Pimco's Kiesel Says Investors Should Increase Cash, Cut Credit
(Bloomberg) -- Now is a good time for investors to increase their cash holdings because stocks are fully priced and bond prices are falling as interest rates climb, according to Pacific Investment Management Co.’s chief investment officer for credit.
“Valuations for all things are not cheap,” Mark Kiesel, a manager of the Pimco Investment Grade Corporate Bond Fund and Pimco Total Return Fund, said Tuesday at a Bloomberg LP event in Beverly Hills, California. “To me that just argues you’ve got to own more cash right now.”
Cash should rise to about 10 percent to 15 percent of portfolios from the more typical 5 percent to 10 percent, Kiesel said. Pimco recommends reducing exposure to credit, especially longer-duration holdings, because risk is building as rates increase, he said.
Bond yields have risen in response to Federal Reserve rate hikes, swelling U.S. deficits and increasing signs of inflation. On May 16, yields on 2-year Treasuries reached their highest level since 2008 and 10-year Treasuries climbed to 3.1 percent, a mark unseen since 2011.
Pimco, which oversaw $1.77 trillion as of March 31, expects increased market volatility as central banks globally withdraw accommodations implemented after the 2008 financial crisis, according to a long-term economic outlook being prepared for release this month.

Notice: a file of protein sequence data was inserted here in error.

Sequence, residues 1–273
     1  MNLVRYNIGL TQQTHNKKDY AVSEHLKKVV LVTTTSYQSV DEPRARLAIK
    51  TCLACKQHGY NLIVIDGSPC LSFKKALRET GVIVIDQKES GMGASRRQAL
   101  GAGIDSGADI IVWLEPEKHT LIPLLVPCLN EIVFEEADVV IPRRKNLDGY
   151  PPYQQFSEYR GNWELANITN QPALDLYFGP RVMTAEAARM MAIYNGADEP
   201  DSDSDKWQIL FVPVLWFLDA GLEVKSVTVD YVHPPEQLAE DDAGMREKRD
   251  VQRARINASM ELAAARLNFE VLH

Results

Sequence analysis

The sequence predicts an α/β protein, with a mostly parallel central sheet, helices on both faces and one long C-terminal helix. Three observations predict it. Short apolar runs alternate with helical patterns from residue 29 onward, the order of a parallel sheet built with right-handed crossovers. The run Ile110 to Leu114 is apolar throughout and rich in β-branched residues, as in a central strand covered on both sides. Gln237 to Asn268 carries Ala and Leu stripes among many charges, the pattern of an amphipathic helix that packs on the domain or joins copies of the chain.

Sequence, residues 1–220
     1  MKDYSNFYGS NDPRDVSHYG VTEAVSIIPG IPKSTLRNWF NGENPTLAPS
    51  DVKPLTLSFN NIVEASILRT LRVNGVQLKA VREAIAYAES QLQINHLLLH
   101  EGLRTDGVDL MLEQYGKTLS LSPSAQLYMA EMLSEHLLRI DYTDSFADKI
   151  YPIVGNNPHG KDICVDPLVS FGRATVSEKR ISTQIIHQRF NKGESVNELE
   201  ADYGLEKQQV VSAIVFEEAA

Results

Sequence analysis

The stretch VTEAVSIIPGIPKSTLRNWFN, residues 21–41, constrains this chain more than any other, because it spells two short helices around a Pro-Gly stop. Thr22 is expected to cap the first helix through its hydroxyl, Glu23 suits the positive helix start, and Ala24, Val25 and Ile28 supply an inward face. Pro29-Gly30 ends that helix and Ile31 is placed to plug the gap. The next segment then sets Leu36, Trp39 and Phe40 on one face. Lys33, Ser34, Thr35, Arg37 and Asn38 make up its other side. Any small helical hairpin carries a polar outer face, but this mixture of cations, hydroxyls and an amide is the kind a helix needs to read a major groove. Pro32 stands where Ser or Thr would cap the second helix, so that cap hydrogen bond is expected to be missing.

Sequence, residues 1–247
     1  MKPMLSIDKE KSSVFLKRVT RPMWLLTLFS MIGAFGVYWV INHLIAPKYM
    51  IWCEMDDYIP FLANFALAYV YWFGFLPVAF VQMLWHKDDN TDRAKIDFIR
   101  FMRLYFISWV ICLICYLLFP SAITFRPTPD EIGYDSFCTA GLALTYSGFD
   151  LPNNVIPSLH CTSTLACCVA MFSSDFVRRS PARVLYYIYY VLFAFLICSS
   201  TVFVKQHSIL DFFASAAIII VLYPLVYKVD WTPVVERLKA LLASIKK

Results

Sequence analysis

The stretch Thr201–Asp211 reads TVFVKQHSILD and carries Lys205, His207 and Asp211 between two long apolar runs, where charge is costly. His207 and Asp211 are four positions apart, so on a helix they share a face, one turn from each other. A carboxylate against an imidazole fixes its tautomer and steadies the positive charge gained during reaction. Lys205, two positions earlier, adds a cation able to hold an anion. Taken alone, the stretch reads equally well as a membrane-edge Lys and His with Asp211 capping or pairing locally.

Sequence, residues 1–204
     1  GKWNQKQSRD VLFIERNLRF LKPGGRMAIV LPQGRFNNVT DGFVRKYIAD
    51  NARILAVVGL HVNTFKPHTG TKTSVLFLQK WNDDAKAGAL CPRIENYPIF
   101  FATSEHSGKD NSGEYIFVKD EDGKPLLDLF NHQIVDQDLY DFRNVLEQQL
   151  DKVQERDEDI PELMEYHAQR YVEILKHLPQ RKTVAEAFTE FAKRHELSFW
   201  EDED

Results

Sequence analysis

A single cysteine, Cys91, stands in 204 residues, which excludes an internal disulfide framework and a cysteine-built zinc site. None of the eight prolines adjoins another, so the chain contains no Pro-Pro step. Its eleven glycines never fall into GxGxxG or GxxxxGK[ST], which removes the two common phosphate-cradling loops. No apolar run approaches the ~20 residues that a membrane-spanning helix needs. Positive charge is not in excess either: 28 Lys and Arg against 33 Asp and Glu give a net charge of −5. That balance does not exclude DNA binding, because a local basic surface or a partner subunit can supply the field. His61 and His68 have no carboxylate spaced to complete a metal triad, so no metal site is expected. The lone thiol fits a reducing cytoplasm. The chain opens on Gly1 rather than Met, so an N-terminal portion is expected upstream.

Kiesel said Pimco has increased its cash position as the firm became more cautious. And while he didn’t specify just how much of the firm’s assets are in cash now, an increase of 5 percent would mean selling some $89 billion of securities.
The $71 billion Total Return fund fell 2.5 percent this year through May 21, outperforming 51 percent of its peers. The $12.4 billion Investment Grade fund slid 3.2 percent, beating 71 percent of competitors.
Among Kiesel’s other comments:
- A U.S. recession is unlikely within one or two years, but Pimco is “pretty confident” one will start within three to five years.
- Investors can expect low-to-mid single-digit returns in the coming years, which “sounds incredibly depressing.”
- Bond yields are unlikely to rise too far because global demand for income will continue to produce long-term buyers such as pensions and insurers.
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